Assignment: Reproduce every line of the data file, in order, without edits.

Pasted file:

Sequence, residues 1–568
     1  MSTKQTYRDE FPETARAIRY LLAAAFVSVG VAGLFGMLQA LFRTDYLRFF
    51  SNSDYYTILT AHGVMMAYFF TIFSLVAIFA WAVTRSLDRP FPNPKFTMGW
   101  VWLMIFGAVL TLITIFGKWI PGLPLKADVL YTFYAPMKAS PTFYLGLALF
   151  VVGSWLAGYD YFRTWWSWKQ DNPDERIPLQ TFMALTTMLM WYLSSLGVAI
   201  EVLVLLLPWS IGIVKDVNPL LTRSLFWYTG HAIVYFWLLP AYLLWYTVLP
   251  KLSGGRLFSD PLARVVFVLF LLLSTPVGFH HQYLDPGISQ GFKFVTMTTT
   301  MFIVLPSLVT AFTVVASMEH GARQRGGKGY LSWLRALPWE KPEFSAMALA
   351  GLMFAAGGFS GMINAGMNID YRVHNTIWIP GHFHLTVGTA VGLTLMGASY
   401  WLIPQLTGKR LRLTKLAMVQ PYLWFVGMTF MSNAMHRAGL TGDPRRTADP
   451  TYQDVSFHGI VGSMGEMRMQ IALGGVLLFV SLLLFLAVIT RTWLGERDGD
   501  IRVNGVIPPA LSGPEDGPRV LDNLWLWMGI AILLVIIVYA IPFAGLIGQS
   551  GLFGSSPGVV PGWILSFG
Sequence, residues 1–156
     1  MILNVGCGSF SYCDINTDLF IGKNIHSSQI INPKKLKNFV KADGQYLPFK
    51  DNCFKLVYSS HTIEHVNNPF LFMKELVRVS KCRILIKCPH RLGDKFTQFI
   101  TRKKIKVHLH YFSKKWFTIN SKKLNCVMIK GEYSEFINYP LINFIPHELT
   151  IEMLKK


Sequence, residues 1–568
     1  MSTKQTYRDE FPETARAIRY LLAAAFVSVG VAGLFGMLQA LFRTDYLRFF
    51  SNSDYYTILT AHGVMMAYFF TIFSLVAIFA WAVTRSLDRP FPNPKFTMGW
   101  VWLMIFGAVL TLITIFGKWI PGLPLKADVL YTFYAPMKAS PTFYLGLALF
   151  VVGSWLAGYD YFRTWWSWKQ DNPDERIPLQ TFMALTTMLM WYLSSLGVAI
   201  EVLVLLLPWS IGIVKDVNPL LTRSLFWYTG HAIVYFWLLP AYLLWYTVLP
   251  KLSGGRLFSD PLARVVFVLF LLLSTPVGFH HQYLDPGISQ GFKFVTMTTT
   301  MFIVLPSLVT AFTVVASMEH GARQRGGKGY LSWLRALPWE KPEFSAMALA
   351  GLMFAAGGFS GMINAGMNID YRVHNTIWIP GHFHLTVGTA VGLTLMGASY
   401  WLIPQLTGKR LRLTKLAMVQ PYLWFVGMTF MSNAMHRAGL TGDPRRTADP
   451  TYQDVSFHGI VGSMGEMRMQ IALGGVLLFV SLLLFLAVIT RTWLGERDGD
   501  IRVNGVIPPA LSGPEDGPRV LDNLWLWMGI AILLVIIVYA IPFAGLIGQS
   551  GLFGSSPGVV PGWILSFG
Sequence, residues 1–156
     1  MILNVGCGSF SYCDINTDLF IGKNIHSSQI INPKKLKNFV KADGQYLPFK
    51  DNCFKLVYSS HTIEHVNNPF LFMKELVRVS KCRILIKCPH RLGDKFTQFI
   101  TRKKIKVHLH YFSKKWFTIN SKKLNCVMIK GEYSEFINYP LINFIPHELT
   151  IEMLKK